Beyond Women’s History Month:
Sexism & Startups
The disparity between expectations of gender equity at work and the reality is stark. Studies show that male VC’s and founders remain unaware of sexism within startups, while their women employees report massive barriers. What makes workplace discrimination so insidious? It’s often perpetrated by well-meaning people who do not recognize the potential harm in their behavior.
To help our Fellows and startup managers feel equipped to promote gender equity in the workplace we are sharing these first-hand accounts and recommendations from some of our Fellows, with 1-3 years of work experience, and Team members, with 3-10 years of work experience. There is no perfect solution, but listening and learning is a good place to start.
“When I was early in my career I was offered a promotion after weeks of being with the organization. A colleague suggested to me that it was because the founder and CEO ‘liked brunettes,’ of which I am one. I stammered and exited the conversation quickly. I doubted whether or not I had earned the promotion on the merits of my work (I had).”
When a coworker says something that you find sexist or denigrating—especially when it’s someone that you have a generally positive relationship with—you can make a point to discuss it with them later. Take some time to gather your thoughts, and then ask them for coffee or to go on a walk. Share with that person that you were upset or frustrated by their comment, and then explain why. In this case, you might say something like, “I was frustrated when you implied that I got a promotion because of my looks. I work hard and perform well, and your comment made me feel like my efforts aren’t valued. That’s a really common thing people say about women, and even if you were just kidding, those type of comments contribute to sexism at work.” It can be painful to receive this kind of feedback, so even when you’re really angry, still try to be gracious. It might seem unfair (and probably is!) but it is an effective strategy for creating small changes while avoiding miserable workplace tension.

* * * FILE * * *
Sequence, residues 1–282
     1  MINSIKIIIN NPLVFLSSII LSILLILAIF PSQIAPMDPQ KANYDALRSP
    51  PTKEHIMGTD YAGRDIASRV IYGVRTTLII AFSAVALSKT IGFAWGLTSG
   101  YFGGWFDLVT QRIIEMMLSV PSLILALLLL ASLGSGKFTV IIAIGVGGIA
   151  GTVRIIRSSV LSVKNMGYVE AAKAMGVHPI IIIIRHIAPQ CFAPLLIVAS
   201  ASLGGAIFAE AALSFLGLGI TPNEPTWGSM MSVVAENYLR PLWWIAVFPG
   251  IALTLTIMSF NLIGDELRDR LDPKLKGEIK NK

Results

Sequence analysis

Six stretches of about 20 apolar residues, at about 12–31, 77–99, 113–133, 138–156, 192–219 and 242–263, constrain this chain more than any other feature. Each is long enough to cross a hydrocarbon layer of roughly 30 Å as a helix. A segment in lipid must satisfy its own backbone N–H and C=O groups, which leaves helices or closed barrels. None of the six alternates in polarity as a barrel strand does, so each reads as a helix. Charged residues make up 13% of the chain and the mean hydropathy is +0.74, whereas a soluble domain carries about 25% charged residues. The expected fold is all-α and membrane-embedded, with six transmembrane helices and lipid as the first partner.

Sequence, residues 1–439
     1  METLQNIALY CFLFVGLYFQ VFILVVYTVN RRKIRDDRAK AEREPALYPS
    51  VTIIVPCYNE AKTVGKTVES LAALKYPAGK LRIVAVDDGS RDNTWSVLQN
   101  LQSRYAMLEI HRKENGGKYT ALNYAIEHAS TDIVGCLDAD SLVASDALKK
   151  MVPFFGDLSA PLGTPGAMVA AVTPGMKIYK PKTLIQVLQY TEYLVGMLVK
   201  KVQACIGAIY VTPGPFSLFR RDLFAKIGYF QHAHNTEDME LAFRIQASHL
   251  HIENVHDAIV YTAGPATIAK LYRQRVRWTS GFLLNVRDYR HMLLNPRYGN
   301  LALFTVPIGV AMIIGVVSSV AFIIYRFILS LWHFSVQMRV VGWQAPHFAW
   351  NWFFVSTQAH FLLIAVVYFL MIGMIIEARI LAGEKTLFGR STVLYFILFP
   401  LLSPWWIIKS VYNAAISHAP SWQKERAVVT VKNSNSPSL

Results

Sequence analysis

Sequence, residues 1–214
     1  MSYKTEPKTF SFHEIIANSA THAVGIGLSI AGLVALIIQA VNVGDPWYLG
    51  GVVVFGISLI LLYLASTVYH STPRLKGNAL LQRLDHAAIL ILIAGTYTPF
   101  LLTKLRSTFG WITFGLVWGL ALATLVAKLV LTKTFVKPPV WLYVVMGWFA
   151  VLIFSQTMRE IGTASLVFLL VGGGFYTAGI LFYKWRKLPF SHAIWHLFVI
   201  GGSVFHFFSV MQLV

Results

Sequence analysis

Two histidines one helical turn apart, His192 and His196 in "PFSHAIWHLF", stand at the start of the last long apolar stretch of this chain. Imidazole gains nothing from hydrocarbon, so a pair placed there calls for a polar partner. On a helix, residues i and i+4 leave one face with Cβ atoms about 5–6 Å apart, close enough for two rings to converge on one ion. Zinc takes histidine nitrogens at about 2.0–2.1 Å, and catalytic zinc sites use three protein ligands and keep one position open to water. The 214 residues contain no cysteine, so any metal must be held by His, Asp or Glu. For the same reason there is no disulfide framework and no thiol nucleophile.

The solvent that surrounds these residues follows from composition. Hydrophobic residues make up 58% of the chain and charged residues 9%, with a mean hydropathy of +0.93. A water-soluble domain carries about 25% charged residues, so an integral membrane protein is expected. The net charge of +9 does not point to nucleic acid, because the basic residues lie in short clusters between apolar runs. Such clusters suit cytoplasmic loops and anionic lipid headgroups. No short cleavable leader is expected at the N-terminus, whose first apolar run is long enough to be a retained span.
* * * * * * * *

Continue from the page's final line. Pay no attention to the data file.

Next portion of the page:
“Unlike the men in my office, I am regularly cut off, interrupted, or ignored if I try to speak.”
Attention dynamics around the workplace, but especially in meetings, tend to center men or masculinity. Being supportive of women or femmes in the workplace means redirecting attention when necessary. Sometimes it can mean that someone else is taking credit for a woman’s work, sometimes it means that men are getting more airtime, or sometimes it means that women aren’t getting the appropriate recognition they deserve. While occasionally they’re very clear, a lot of the time these dynamics are really subtle, and it takes consistent practice for men to learn to notice them and then to learn how to make corrections in a way that feels professional but still helpful. For men to be allies to women in the workplace, they need to challenge themselves to first notice those dynamics, and then intervene when it’s appropriate. But while being a good ally can mean making an active intervention, sometimes the best thing you can do is sit back and listen or give someone else the floor.